OK with female deacons.
Supportive of female pastors.
Conservative but not BFM2K
Agreeable with a mix of liberal relgious conference speakers but not to the exclusion of any conservative.
No same sex relationship folks in church leadership or to be married in the church

I'd say Travis Collins was expressing about the same concerns that a few mods I know would express. Yeah, SBC would be an uncomfortable place but with less hard lines than the CBF if one goes down his list.

Looks like the national CBF has wholly embraced social gospel matters to the almost total exclusion of evangelism and discipleship. Dan Vestal was an evangelist. The outgoing ED is an activist warrior who did not seem to have viewed her role as leading anything much in the direction of traditional, orthodox evangelism and discipleship. Point me to anything that would prove me wrong.

CBF has reimagined itself away from people like Collins. The train has left the station and he and his type are left on the boarding platform watching it head leftward. The best thing about the CBF is BNG which will air out differing opinions.

If SBC state conventions follow that of the KBC and disallow dually aligned churches, I'd speculate that more of those churches that are somewhat friendly towards CBF, maybe have some people who prefer to give in that direction, will drop CBF formally and stick with SBC. I mean, how many Baptist churches are like Keith's or FBC and one other in Athens? Not many.

The CBF, seems to me, has deliberately moved leftward with Paynter, and has succeeded in narrowing its market, Collins bearing witness to that, so what's the consequence? I'd guess it is that churches pastored by folks like Collins would be lukewarm about supporting CBF causes, not that there's anything new about this. Other than that, looks like independant churches choosing from the buffet of ministry causes.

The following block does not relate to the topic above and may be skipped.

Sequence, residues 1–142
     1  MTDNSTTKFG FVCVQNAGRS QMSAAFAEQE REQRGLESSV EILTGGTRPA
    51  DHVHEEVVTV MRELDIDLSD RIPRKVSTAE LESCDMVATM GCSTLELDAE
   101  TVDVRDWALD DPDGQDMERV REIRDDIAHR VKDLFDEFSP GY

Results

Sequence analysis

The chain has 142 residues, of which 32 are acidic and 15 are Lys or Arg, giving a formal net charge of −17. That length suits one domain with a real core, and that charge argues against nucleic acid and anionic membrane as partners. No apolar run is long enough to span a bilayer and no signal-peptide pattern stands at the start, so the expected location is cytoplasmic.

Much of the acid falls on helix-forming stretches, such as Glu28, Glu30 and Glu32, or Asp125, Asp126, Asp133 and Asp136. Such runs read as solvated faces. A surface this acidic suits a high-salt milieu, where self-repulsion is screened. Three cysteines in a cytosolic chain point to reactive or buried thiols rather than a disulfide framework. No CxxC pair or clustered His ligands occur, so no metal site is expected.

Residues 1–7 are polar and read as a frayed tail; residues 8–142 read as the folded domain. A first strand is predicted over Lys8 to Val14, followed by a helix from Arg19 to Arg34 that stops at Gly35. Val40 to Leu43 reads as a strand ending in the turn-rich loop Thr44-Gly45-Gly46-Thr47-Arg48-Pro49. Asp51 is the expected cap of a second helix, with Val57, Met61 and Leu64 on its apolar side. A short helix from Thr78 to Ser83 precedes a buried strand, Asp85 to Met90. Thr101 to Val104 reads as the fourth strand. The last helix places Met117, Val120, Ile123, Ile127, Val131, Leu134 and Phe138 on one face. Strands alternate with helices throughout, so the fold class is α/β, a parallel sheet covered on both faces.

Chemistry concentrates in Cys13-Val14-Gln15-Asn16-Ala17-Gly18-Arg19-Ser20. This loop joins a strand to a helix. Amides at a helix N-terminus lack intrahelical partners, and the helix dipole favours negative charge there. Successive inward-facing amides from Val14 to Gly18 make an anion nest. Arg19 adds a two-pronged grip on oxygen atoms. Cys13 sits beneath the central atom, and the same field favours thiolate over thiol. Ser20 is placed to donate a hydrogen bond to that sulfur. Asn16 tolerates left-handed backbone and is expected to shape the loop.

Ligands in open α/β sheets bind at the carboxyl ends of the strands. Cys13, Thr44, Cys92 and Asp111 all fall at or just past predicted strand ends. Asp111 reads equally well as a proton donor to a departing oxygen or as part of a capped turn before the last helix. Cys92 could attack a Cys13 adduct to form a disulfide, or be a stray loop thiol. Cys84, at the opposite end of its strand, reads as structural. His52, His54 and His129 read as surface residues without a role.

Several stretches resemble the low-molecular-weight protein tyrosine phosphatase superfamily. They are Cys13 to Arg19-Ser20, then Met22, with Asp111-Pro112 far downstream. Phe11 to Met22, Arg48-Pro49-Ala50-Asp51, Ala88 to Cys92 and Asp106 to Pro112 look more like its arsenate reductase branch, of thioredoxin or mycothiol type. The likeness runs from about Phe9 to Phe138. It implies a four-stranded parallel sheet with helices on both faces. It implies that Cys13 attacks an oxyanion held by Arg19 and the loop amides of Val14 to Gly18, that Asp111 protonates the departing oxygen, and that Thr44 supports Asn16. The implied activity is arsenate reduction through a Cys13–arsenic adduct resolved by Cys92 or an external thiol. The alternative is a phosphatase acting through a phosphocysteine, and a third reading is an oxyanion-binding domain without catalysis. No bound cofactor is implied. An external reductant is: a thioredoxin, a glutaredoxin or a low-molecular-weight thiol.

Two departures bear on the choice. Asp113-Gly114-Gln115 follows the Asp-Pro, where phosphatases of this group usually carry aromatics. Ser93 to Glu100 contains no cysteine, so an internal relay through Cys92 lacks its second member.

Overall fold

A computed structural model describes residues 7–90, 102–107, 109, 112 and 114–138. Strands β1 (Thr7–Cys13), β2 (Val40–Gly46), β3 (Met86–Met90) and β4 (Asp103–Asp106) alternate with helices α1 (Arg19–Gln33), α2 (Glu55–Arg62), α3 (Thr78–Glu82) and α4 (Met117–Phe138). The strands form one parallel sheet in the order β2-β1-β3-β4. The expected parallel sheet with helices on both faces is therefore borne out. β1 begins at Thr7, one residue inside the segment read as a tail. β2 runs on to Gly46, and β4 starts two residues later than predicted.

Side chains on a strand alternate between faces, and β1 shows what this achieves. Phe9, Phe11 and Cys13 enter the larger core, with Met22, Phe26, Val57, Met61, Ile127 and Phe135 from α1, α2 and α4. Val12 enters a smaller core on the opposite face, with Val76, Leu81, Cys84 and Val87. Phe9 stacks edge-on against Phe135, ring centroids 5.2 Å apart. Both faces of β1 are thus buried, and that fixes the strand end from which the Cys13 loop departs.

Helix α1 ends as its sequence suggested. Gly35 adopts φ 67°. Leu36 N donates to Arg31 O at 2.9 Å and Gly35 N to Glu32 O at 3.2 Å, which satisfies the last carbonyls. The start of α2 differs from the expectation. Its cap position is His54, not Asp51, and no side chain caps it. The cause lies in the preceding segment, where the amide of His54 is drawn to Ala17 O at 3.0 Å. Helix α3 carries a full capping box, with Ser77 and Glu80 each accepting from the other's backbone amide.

I defer to Keith on the local situation. Evidently, FBCH made an autonomous decisions that once their prominent mod/lib pastor was gone, they would like to move rightward.

In another generation will the CBF exist? Can't think of a good reason why it should, frankly. There are better choices on both the left and the right.
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Nathan Deal member of CBF congregation

Postby Stephen Fox » Fri Jan 04, 2019 10:02 am

Thornton and his SBC are struck mute, cooperative with the Freedom Caucus legislators Mark Meadows of nC and and Jeff Duncan of SC. Were George Truett alive today and never left NC for Texas, Mark Meadows would be his congressman.

WilliamThornton's SBC is struck mute in the face of FBC Spartanburg's Truth for a New Generation conferences of the last two decades.

So Willie Tee, lets look at it from that perspective for what is a "centrist" congregation to do.

For sure if their literacy rate is high, and they acknowledge there are gay folks in their congregation or neighboring ones, and all of them know somebody's daughter who had an abortion, then the hypocrisy of the SBC is not for them.

Doug Dortch and Barry Howard remain CBF as does my Rhodes scholar nominee Friend Richard Kremer.

So there aint no going back.

CBF has workshops and conversations at their national gatherings to talk through these things. T

Hope you understand.

I have shared , Willie Tee, your post to the facebook wall of CBF and Baugh Center for Baptist Studies where I'm sure after my phonecall Dan Vestal will read in a few days.

I hope to be in the room in Bham this summer where this is chatted up. Another Sweet Time in Jesus to be sure.
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Re: What is moderate Baptist these days. FBC Huntsville Test

Postby William Thornton » Fri Jan 04, 2019 11:00 am

Stephen, the rest of us have to live in the real world and deal with issues and people as they present themselves, not as we think they ought to be.
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Re: What is moderate Baptist these days. FBC Huntsville Test

Postby William Thornton » Fri Jan 04, 2019 11:04 am

The CBF has made hard choices, part of their "journey." If leaders led them down the wrong trail, it's not the SBC's fault.

Count on me to delete every post you make that has Helms, JBS, etc. in it.
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Re: What is moderate Baptist these days. FBC Huntsville Test